interpretative research, since a hermeneutic pre-understanding of the motifs, codes, and
morals inherent in the oral accounts is needed (Basso 1996; Damm 2005) and the
communicated concepts depend on local metaphor and narrative conventions
(Cruikshank 2002).
Over the last two decades, an approach for collaboratively bridging traditional
knowledge and archaeological inquiry has been unfolding in work with Native American
communities in the US Southwest (i.e. Anyon and Ferguson 1995; Dongoske et al. 1993;
Ferguson 2007). The studied populations offer insights that will make the discipline
stronger and more relevant to everyone, allowing the development of alternative means
of viewing the past (Watkins 2000). Collaborative endeavors establish new kinds of
interpretative frameworks with new ways to translate the patterns of material culture
(Colwell-Chanthaphonh and Ferguson 2008). Some theoretical advances focus on
material objects and cultural landscapes, and their sensuous and sensory, embodied,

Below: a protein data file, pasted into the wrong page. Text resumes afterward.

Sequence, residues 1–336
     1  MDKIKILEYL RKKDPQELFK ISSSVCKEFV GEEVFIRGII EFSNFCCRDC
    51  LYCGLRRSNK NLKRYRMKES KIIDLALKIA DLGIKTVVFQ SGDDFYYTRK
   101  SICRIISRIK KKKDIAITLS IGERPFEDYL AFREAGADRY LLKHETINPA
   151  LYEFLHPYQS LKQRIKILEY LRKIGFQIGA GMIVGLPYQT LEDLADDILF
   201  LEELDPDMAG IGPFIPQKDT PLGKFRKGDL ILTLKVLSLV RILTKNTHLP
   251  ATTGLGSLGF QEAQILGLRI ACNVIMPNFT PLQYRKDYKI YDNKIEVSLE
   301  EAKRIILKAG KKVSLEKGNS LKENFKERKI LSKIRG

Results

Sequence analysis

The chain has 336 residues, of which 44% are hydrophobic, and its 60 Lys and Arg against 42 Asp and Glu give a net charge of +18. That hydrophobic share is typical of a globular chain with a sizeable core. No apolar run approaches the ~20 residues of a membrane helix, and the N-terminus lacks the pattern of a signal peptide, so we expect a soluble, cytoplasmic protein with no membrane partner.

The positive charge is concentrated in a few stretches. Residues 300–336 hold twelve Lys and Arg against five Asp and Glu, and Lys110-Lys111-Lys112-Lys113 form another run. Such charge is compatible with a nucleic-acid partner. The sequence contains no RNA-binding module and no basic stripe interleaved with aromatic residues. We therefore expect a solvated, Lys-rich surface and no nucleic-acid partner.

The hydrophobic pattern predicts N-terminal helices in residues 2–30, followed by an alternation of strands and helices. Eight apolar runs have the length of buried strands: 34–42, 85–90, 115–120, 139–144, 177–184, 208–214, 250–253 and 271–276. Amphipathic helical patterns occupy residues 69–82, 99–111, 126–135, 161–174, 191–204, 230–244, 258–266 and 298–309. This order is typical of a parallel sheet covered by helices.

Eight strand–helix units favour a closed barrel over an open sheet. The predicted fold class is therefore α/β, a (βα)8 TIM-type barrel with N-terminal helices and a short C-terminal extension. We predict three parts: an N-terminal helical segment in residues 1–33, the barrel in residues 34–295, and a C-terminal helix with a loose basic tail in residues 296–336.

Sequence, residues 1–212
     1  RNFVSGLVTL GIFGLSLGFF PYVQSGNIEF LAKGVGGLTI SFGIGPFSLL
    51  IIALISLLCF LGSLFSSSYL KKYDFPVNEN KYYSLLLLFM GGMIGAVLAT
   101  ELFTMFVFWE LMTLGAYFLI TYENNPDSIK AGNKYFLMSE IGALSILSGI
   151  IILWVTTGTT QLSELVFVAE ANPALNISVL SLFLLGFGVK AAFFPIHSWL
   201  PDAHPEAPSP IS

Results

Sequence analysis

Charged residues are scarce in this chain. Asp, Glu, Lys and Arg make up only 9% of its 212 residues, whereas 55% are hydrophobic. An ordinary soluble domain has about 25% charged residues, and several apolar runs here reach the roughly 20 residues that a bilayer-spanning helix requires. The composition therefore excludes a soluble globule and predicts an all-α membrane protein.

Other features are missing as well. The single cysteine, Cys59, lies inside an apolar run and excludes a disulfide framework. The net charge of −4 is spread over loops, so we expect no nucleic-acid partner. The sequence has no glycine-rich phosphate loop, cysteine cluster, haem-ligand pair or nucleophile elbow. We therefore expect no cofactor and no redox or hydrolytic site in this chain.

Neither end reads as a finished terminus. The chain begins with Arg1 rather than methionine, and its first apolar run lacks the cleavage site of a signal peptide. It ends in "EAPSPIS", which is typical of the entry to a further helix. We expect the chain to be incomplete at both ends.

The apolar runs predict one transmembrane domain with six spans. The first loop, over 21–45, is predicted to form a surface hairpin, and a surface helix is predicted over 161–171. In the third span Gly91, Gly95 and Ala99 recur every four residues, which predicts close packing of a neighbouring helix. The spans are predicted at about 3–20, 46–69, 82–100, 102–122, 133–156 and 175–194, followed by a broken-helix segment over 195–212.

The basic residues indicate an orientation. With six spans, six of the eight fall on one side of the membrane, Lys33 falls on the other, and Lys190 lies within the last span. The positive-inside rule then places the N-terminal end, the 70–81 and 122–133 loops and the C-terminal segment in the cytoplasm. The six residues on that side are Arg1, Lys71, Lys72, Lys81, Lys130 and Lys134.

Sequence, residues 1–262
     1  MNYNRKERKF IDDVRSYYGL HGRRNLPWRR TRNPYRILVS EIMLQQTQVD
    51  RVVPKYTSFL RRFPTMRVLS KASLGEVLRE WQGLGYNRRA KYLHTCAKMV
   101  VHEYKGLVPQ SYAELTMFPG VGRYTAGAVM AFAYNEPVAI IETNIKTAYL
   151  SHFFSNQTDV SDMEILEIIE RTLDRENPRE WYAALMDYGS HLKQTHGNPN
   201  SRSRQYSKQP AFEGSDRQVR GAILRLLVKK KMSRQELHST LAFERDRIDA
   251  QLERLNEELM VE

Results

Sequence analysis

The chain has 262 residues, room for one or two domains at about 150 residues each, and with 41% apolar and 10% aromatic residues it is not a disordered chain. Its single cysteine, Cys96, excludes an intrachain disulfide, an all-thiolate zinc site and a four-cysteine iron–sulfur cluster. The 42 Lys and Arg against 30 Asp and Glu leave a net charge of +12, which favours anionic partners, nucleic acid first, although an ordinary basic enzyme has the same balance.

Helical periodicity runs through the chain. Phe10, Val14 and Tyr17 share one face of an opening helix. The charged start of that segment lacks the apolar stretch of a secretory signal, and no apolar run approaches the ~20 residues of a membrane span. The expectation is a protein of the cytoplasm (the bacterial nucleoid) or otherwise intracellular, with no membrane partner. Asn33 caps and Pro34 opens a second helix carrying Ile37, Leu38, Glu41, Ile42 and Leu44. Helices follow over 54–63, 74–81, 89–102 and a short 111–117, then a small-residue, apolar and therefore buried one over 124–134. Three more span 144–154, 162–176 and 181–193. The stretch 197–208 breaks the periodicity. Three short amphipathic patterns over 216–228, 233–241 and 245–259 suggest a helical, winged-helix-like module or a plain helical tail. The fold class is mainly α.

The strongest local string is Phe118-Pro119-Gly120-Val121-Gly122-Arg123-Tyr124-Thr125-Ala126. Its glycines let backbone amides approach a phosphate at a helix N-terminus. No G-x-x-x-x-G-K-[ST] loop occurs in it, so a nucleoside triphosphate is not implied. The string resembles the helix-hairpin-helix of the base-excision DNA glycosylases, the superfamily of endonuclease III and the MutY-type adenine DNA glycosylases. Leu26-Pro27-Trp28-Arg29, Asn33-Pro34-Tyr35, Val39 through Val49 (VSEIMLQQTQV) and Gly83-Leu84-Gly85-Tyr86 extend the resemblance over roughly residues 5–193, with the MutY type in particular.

mnemonic properties (Hamilakis and Anagnostopoulos 2009:73).
The present research is a collaborative endeavor with the Comcaac community
that employs oral tradition (alongside linguistic information), documentary history, and
archaeological and ethnographic data to reconstruct a past that is relevant for their
present. The Comcaac project seeks to blur subdisciplinary boundaries while conducting
a respectful anthropological endeavor in synchrony with the community’s needs and
requests. For the development of the present dissertation, Comcaac participants were
29
essential throughout all stages of research, as well as considered in the appropriate
dissemination of the results. It employed a materiality framework and a cultural
landscape approach, and specifically contributes to improve theory-based ethnography
and our interpretative frameworks to better understand other peoples’ concepts of time
and space. Additionally, it promotes the creation of improved methodologies to gather
and integrate multi-temporal data but also to build substantial theory to better understand
relationships between people and objects in the past and today.
1.2.2 Materiality framework and cultural landscape approach
To elucidate the connections between indigenous ontology and the archaeological record,
the proposed research focuses on materiality, or the understanding of material forms as
active participants in social practices and complicit in the construction of culture. Practice
is inherently material, because it is a manifestation of the embodied knowledge of a
social actor, and social reproduction is not possible without practice (Bourdieu 1977).